New rules will see up to 4,500 more lawyers from diverse backgrounds eligible to become judges under plans announced by the government on 11th May.
Experienced Chartered Institute of Legal Executive lawyers, after gaining seven years’ experience, will be able to apply to become Recorders and Judges of the Upper Tribunal, hearing complex civil, family, crime and tribunal cases.
Those appointed as Recorders would be able to preside over cases in the Crown Court, sentencing some of the most serious offenders, while those appointed as Judges of the Upper Tribunal would deal with a range of appeals on issues such as immigration and tax.
Chartered Institute of Legal Executive lawyers are not required to hold a university degree and gain their legal qualifications while working. They are more diverse in terms of gender and social background than other legal professionals and many join the profession mid-career or following a break.
Previously, they could only apply for judicial roles overseeing less complex cases in the civil, family and magistrates’ courts and the first-tier tribunal.
The move will increase the number of judicial roles that legal professionals from under-represented groups can apply for – better reflecting modern, multi-cultural, twenty-first century Britain.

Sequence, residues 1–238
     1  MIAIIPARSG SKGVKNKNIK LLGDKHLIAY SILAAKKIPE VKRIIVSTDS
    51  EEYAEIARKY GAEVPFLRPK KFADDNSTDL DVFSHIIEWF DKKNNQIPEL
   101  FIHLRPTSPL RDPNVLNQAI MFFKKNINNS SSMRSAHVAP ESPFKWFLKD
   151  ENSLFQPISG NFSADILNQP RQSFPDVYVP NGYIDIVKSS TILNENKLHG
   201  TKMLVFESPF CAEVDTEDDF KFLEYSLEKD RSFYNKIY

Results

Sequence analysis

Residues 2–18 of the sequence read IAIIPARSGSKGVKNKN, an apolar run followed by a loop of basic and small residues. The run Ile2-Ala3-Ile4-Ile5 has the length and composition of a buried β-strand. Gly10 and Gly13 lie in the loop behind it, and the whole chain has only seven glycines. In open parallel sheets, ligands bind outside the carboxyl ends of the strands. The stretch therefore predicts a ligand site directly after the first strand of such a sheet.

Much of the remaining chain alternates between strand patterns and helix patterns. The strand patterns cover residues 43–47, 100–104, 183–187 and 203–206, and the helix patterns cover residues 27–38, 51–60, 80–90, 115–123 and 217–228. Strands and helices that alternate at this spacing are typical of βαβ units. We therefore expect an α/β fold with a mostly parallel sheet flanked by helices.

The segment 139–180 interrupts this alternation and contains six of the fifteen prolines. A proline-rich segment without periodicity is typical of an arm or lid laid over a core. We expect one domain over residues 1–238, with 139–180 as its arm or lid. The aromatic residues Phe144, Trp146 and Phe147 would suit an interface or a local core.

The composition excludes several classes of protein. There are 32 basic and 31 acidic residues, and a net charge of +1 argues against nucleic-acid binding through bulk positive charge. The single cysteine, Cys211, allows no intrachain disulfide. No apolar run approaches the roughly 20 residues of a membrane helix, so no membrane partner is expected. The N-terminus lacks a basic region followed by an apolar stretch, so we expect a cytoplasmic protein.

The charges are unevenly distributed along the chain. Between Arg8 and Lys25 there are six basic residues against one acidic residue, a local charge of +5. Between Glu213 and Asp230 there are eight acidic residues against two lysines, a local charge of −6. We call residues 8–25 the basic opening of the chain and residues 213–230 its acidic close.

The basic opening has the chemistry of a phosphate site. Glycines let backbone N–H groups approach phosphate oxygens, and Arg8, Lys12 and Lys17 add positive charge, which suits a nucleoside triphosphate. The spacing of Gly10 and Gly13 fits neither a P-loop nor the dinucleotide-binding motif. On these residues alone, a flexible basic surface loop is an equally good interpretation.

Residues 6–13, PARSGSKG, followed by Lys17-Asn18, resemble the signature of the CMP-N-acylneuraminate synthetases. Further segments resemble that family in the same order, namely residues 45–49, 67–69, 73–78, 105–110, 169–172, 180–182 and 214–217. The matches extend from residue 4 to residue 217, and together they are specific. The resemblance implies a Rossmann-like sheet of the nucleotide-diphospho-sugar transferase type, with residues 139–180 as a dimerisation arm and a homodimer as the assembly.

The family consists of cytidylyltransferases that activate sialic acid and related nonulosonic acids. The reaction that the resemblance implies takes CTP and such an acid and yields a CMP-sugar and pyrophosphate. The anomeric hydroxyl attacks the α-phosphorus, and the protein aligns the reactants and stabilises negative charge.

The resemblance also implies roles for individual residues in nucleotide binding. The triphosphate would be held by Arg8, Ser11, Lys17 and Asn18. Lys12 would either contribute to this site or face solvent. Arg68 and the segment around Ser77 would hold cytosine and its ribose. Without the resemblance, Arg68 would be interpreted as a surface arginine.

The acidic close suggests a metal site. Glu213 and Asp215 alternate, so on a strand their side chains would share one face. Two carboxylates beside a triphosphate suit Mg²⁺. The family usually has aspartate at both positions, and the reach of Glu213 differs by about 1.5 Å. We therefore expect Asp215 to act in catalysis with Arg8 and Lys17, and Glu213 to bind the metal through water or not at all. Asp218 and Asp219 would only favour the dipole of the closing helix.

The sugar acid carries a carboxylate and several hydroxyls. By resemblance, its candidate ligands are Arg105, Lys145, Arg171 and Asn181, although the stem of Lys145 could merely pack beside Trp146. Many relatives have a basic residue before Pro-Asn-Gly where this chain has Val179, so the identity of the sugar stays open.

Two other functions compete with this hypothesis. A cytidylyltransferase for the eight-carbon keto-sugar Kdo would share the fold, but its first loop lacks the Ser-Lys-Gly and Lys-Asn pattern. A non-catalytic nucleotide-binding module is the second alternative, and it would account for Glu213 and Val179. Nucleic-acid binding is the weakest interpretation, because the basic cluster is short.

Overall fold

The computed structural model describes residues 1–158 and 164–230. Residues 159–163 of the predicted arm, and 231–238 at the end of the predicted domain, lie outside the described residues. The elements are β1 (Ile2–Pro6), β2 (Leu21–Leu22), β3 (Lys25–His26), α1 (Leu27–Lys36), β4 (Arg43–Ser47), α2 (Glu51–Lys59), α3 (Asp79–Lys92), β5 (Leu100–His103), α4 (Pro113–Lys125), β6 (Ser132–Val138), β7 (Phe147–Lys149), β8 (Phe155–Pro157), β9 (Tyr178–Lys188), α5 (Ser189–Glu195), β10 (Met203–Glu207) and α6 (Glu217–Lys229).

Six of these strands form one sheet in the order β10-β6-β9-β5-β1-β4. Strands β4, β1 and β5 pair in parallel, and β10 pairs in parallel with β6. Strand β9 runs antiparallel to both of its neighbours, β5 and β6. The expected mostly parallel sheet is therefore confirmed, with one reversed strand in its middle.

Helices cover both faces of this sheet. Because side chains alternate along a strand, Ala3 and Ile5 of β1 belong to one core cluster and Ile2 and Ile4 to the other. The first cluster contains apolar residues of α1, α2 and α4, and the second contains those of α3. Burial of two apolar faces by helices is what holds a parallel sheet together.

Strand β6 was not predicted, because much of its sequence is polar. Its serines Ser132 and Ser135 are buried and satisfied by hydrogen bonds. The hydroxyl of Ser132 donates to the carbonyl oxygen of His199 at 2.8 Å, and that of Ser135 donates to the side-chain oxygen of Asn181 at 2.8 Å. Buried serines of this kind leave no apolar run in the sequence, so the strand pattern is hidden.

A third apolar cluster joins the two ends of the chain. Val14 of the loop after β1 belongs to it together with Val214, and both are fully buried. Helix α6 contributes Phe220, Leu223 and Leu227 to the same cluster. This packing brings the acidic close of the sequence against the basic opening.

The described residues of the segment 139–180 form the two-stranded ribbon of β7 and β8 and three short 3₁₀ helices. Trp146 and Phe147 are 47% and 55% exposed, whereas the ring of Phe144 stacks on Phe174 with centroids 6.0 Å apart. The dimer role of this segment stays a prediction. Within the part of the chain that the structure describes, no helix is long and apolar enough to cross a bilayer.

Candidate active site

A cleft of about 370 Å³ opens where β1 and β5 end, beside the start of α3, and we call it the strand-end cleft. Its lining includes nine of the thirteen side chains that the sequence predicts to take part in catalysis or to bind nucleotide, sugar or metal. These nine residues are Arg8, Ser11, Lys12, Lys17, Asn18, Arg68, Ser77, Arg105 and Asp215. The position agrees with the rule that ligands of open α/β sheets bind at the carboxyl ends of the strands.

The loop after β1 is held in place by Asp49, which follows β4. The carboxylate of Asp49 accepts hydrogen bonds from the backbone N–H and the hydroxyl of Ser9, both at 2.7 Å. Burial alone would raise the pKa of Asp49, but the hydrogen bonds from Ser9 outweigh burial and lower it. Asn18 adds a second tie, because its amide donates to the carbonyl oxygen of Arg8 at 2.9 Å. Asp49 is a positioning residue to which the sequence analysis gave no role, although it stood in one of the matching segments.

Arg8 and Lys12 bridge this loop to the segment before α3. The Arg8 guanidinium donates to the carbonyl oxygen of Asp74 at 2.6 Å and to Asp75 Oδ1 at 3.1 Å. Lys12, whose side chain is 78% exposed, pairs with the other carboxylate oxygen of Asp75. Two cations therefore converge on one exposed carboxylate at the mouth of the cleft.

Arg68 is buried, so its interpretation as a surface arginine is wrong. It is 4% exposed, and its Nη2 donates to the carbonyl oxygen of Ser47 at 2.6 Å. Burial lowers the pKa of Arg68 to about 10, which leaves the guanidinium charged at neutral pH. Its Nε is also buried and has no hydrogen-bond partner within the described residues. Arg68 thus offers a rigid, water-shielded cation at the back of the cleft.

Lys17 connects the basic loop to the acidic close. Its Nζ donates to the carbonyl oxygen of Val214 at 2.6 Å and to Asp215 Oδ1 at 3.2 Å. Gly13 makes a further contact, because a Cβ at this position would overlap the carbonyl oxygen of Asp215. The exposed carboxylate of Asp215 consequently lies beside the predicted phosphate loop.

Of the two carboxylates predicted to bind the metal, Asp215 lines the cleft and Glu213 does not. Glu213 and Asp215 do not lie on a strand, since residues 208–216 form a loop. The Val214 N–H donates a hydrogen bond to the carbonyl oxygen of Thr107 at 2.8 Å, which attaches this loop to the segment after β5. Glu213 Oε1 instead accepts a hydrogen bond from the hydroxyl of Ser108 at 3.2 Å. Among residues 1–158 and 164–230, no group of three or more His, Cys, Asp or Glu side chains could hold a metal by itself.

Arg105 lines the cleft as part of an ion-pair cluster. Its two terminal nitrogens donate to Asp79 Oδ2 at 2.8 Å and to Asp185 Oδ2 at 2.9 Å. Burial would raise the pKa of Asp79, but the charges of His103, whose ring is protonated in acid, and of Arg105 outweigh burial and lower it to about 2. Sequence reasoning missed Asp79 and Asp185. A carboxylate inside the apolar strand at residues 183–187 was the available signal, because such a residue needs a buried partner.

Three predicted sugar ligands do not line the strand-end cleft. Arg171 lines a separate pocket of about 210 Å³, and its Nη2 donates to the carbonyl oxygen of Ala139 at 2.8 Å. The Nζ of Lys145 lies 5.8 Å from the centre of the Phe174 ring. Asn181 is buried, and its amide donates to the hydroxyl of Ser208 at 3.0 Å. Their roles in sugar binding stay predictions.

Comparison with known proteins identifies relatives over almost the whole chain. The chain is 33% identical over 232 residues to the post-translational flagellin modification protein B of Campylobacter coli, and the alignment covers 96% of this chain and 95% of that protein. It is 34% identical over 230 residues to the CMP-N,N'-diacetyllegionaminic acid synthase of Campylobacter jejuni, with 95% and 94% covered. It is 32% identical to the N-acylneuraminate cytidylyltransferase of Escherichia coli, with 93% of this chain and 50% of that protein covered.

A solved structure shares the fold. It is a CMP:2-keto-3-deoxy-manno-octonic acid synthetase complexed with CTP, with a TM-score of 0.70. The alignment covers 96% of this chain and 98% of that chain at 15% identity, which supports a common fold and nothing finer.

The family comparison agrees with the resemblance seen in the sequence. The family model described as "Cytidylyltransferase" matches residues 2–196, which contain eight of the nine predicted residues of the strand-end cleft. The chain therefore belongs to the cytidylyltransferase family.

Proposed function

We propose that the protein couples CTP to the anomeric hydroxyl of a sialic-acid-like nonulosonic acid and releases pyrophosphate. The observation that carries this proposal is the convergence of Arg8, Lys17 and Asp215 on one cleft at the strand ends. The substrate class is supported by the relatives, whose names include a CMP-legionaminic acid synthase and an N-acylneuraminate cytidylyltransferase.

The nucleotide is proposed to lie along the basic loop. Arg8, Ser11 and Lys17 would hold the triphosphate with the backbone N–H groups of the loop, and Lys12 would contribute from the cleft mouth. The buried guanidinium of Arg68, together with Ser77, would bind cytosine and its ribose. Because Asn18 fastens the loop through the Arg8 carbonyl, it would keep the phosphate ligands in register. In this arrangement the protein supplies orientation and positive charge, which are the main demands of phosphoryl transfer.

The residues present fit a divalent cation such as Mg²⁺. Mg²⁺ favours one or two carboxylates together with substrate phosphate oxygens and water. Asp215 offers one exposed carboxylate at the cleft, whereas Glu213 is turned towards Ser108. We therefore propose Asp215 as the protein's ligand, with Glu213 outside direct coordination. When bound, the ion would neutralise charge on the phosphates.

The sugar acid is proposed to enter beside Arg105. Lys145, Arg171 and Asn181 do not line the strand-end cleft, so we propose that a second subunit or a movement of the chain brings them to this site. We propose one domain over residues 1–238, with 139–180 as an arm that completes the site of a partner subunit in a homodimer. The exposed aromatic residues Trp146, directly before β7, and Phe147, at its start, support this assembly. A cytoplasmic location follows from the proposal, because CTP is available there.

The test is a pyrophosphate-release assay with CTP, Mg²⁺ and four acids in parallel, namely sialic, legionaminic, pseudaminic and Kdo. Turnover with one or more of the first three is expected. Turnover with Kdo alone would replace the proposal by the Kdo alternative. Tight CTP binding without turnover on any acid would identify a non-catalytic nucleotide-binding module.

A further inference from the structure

Lord Chancellor and Justice Secretary, Alex Chalk said:
“Providing more opportunities for experienced lawyers from a range of backgrounds to join the bench strengthens the judiciary and the rule of law.
That’s why we’re making these important reforms, to broaden eligibility and ensure the judiciary is able to draw on a wealth of experience.”
Justice Minister Mike Freer said:
“We are striving to build a legal system that truly reflects the range of voices in our society.
This change shows how important the broader legal profession is to our goal of breaking down barriers and boosting eligibility as we recruit more, diverse judges.”
Chartered Institute of Legal Executive lawyers represent a wider range of society than the judiciary and broader legal profession. Women make up 77% of Chartered Institute of Legal Executive lawyers while 41% of judges are female. In addition, just 6% attended a fee-paying school, compared to a third of barristers and 45% of Recorders.
CILEX Chair Professor Chris Bones said:
“Women and ethnic minorities are currently under-represented in our judicial system and we need a judiciary that is representative of the society we live in to promote confidence in the rule of law. As one of the most diverse parts of the legal profession, CILEX is a key solution to accessing talent of greater diversity.
Judicial appointments should be based on merit and all lawyers regardless of their professional title should be able to apply for all judicial roles they are trained and competent to perform.”
Today’s change is a part of the government’s wider efforts to boost the number of judges so more cases can be heard across the country.